“To achieve EHR integration, health systems must have interoperability,” says Daniel Orenstein, JD, Senior Vice President, General Counsel, and Secretary of Health Catalyst. “Users must be able to easily find and use the information on both ends, whether sending or receiving, as well as send to and receive information from, third-party systems (independent IT vendors). In practical terms, integration is having automatic access (versus manual entry) in the EHR to clinical information from sources within and outside the health systems and using that information when treating a patient.”
EHR Integration Challenges
Data and knowledge logistics must be supported by EHR. Therefore, related data should not only be accessed on-demand, but also have four dimensions: accuracy, completeness, consistency, and timeliness.
The manner in which data is presented should take into consideration the current clinical context and anticipate users’ needs, thus creating an intelligent ambiance. Thus, the different types of health data such as narrative data, physical examinations, diagnosis, procedures, laboratory reports, images, and biological signals should be obtained with different methods and corresponding standards.
To ensure high-quality EHR content in healthcare, care managers (means nurses) and health information managers have to gather, integrate and supervise various pieces of patient information. The accuracy and integrity of data in the EHR must be monitored and verified in accordance with the rules for software as a medical device under the European Medical Device Directive (MDD) or FDA regulations.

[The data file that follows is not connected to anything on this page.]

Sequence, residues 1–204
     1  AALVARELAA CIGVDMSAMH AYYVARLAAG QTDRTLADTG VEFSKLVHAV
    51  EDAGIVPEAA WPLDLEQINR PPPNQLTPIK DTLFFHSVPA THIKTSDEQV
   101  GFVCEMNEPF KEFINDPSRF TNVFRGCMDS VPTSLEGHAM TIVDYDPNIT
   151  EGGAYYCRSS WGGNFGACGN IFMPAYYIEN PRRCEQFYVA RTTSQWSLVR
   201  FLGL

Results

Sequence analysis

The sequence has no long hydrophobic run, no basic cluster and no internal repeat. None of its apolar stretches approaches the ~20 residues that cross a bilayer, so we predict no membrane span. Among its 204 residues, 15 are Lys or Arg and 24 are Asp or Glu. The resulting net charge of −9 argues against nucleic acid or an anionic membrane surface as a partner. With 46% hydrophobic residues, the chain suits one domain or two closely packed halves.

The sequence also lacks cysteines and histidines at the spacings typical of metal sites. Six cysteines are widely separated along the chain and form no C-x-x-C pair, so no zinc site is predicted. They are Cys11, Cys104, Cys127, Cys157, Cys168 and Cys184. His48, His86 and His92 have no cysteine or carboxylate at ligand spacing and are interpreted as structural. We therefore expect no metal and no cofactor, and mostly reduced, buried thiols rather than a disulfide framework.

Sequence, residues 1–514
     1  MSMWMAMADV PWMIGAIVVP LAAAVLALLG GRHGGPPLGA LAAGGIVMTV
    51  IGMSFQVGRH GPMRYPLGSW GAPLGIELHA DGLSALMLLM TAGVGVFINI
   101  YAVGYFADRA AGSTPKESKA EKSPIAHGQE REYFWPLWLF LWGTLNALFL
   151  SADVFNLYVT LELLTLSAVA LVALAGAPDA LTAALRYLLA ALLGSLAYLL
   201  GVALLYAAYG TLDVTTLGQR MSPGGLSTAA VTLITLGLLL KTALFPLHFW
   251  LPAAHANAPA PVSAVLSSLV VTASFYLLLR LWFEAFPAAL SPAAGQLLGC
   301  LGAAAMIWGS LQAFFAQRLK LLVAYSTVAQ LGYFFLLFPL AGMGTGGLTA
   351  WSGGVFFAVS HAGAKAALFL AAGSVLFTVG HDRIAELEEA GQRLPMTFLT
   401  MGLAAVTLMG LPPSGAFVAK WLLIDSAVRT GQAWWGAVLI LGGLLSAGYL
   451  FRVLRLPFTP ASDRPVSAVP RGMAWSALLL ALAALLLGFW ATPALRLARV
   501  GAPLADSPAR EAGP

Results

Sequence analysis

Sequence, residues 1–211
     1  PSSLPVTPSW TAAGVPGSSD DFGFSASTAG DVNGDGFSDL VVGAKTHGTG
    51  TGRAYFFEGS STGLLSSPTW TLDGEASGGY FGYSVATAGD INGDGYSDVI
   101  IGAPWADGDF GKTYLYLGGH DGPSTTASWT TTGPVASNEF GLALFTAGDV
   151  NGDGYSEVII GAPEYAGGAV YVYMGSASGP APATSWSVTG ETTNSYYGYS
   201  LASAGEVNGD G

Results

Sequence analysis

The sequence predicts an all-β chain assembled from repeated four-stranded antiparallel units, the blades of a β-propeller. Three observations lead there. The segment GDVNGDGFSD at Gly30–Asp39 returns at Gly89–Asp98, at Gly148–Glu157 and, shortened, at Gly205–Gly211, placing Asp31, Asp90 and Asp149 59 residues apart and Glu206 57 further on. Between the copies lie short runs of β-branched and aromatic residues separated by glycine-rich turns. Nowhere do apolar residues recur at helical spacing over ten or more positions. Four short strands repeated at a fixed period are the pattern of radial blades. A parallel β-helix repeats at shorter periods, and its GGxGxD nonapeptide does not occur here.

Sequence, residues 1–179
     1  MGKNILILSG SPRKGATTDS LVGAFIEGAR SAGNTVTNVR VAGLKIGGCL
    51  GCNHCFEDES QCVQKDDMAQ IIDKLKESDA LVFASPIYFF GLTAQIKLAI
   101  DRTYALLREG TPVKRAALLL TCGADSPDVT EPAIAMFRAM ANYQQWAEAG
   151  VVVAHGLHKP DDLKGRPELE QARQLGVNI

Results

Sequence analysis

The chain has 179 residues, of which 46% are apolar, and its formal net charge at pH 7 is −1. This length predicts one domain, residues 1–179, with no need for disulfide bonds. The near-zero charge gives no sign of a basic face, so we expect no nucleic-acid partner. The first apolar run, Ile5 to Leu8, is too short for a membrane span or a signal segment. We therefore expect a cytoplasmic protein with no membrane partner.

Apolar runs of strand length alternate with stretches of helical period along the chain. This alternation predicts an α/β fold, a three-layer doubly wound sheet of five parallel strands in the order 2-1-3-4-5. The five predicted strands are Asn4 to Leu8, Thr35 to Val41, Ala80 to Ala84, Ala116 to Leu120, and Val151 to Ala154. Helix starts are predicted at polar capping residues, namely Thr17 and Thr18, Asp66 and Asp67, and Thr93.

Privacy and security concerns
Poor design and misuse of an EHR system can lead to, what is called, EHR-related errors that jeopardize the integrity of information in records, resulting in errors that in turn compromise patient safety and reduce service quality. These unintended consequences can also lead to increased fraud and can have serious legal consequences.
This is why government privacy and security regulations and HIPAA impose restrictions on healthcare systems properly using and disclosing Protected Health Information (PHI). Organizations must take measures to ensure compliance with HIPAA; however, these requirements should not pose serious obstacles to EHR integration where appropriate. To ensure integration with third parties, health systems may need to put in place valid HIPAA business associate agreements (BAAs).
Limitations on contracts
Some industry players limit integration to contracted restrictions, more accurately described as administrative barriers. According to HIPAA, interoperability laws do not create barriers to integration; on the contrary, these laws encourage interoperability. Generally, any restrictions on integration and data exchange come from a provider or a vendor.
EHR Benefits or the Future of Health IT
As digital healthcare evolves, an urgent need for the industry is the full integration of the EHR, enabling here and now to obtain data-driven insight for the goal of care.
Health care workers should provide constant access to the right information about patients, and EHRs are a significant step forward in this struggle. While there are still some improvements, the transition from paper with hard-to-read medical curls to a digital format that can be quickly and easily transferred from office to office is a technological leap forward.
For organizations that want to take advantage of this technology and understand how to best utilize other telemedicine capabilities in their work, make sure you choose the right vendor that can manage complex solutions for your patients while saving time and money.